Wilfrid Laurier becomes Canada’s first French-Canadian prime minister on June 23, 1896

Standard time was invented in Canada

The first indoor hockey game was played on March 3, 1875 in Montreal

The border between Canada and the United States, at 5,525 miles, is the world’s longest unprotected border

Victoria also started as a trading post founded by Hudson Bay Company, known as “Fort Victoria”

Pekwachnamaykoskaskwaypinwanik Lake is the longest place name in Canada

Mike Weir became the first Canadian, male or female, to win a major golf championship, the Masters in 2003

According to Guiness World Records, the largest lobster caught was off the coast of Nova Scotia in 1977. It weighed just over 20 kg (44 pounds)

Toronto Raptors became the first NBA team outside the United States to win the league championship in 2019

The Montreal AAA hockey team defeated the Ottawa Generals 3-1 to win the first-ever Stanley Cup on March 22, 1894

In 1917, women were given the right to vote in federal elections, however, it was limited to nurses on the battlefront and women related to men in active wartime service. It wasn’t until 1918 when most women aged 21 and over were granted the right to vote.

Lacrosse is the official summer sport of Canada while Ice Hockey was declared the official winter sport in 1994

Jacques Villeneuve is the only Canadian – and the third driver ever – to have won the CART Championship, Indianapolis 500 and Formula One World Championship in his career

The first organized game of hockey was played in Montreal in 1875. The town of Windsor, Nova Scotia is the self-proclaimed ‘birthplace of hockey’ based on a claim of an 1844 reference to a game of hurley

Hockey player Wayne Gretzky and skier Nancy Greene were named Canada’s male and female athletes of the 20th century

Maple syrup, butter tarts, and poutine are considered Canada’s most ‘iconic’ foods


Anthony Bennett and Andrew Wiggins are the only Canadians selected with the first overall pick in the NBA Draft

The Hudson Bay Company is the oldest commercial corporation in North America and one of the oldest in the world, having been incorporated in 1670

The Big Nickel in Sudbury is the world’s largest coin measuring nine metres in diameter

Toronto is derived from an Iroquois term meaning ‘where there are trees in water’

Montreal is home to the world’s second-largest French-speaking population after Paris

In 1793, Upper Canada – under the leadership of Lieutenant-Governor John Graves Simcoe – became the first province in the British Empire to abolish slavery.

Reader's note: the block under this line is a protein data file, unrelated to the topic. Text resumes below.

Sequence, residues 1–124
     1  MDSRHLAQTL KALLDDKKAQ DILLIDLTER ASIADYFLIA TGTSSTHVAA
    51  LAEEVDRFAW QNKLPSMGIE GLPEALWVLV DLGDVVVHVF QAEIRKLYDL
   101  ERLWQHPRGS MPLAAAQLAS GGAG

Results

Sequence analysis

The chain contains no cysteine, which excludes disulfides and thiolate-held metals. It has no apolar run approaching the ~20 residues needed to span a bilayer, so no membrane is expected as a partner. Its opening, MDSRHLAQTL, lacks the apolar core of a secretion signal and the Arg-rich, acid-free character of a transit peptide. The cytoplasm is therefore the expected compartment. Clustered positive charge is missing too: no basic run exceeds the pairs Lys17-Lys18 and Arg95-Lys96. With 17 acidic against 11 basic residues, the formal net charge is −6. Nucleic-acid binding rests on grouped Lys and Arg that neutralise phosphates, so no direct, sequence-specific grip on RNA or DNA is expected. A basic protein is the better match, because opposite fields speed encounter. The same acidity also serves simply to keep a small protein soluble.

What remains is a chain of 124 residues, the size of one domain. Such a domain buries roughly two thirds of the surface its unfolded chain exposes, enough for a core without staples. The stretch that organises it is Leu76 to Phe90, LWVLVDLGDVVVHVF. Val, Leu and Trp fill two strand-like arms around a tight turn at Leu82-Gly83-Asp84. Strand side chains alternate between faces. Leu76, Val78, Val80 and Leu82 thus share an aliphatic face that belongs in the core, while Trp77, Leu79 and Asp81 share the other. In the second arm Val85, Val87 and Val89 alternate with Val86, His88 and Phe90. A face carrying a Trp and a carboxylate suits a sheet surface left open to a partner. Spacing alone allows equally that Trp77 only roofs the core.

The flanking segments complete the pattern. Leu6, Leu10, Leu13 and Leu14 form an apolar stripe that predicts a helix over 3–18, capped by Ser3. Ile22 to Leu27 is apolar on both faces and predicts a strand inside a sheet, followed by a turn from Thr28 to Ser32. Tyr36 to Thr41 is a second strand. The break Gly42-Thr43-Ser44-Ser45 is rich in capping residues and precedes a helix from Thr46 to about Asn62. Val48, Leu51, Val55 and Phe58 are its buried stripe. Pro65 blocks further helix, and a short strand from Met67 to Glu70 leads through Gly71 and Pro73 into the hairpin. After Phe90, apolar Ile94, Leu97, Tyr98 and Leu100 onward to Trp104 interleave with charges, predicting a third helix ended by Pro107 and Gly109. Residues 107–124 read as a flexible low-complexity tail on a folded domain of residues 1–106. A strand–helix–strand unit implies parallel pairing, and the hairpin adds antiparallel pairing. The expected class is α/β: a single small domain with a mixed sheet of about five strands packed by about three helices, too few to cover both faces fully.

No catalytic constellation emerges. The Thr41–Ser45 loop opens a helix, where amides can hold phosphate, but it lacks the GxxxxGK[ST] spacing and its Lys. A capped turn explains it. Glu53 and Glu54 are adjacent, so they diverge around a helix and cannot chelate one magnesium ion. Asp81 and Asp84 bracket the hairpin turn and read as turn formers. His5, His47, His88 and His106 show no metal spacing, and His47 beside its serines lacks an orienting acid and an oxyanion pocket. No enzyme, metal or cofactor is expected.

The province of British Columbia passed the “Apology Act” in 2006 to enable the provincial government to apologize to large groups of voters without giving rise to potential lawsuits and damage claims.

The Northwest Territories is home to two of the largest lakes in the world – Great Bear Lake and Great Slave Lake

Lionel Conacher, a multi-sport athlete, and track and field star Bobbie Rosenfeld were voted Canada’s male and female athletes of the first half of the century

Bianca Andreescu became the first Canadian, male or female, to win a Grand Slam tennis title at the U.S. Open in 2019

Edward Hanlan becomes Canada’s first world sports champion, defeating E.A. Trichett of Australia in the world’s championship of singles rowing on November 15, 1880

Royal Montreal Golf Club is the oldest golf club in Canada, founded in 1873

The Halifax Explosion on December 6, 1917, killed more than 1,600 people and injured 9,000 in what was Canada’s worst disaster at the time

Ottawa is the second coldest capital city in the world after Moscow

Canada becomes the fourth nation to recognize same-sex marriages in 2005

The Bank of Canada was created in 1934 to manage the money supply and bring stability to the financial system during the Great Depression

Canada has the longest coastline of any country in the world

On March 31, 1949, Newfoundland became the 10th and final province to enter the Dominion of Canada

Since 1915 the Montreal Canadiens have appeared in 34 Stanley Cup finals, winning 24 times.

Paul Henderson scores the winning goal with 34 seconds left as Canada defeated the Soviet Union 6-5 in the final game of the Canada-Russia Summit Series in 1972

Canada is the largest producer of Ice Wine

Originally known as Oskana-Ka-asateki or “the place where bones are piled” Princess Louise suggested a more regal name was needed 1882 and settled on Regina after her mother, Queen Victoria

Canada Day officially replaced Dominion Day as the official holiday in 1982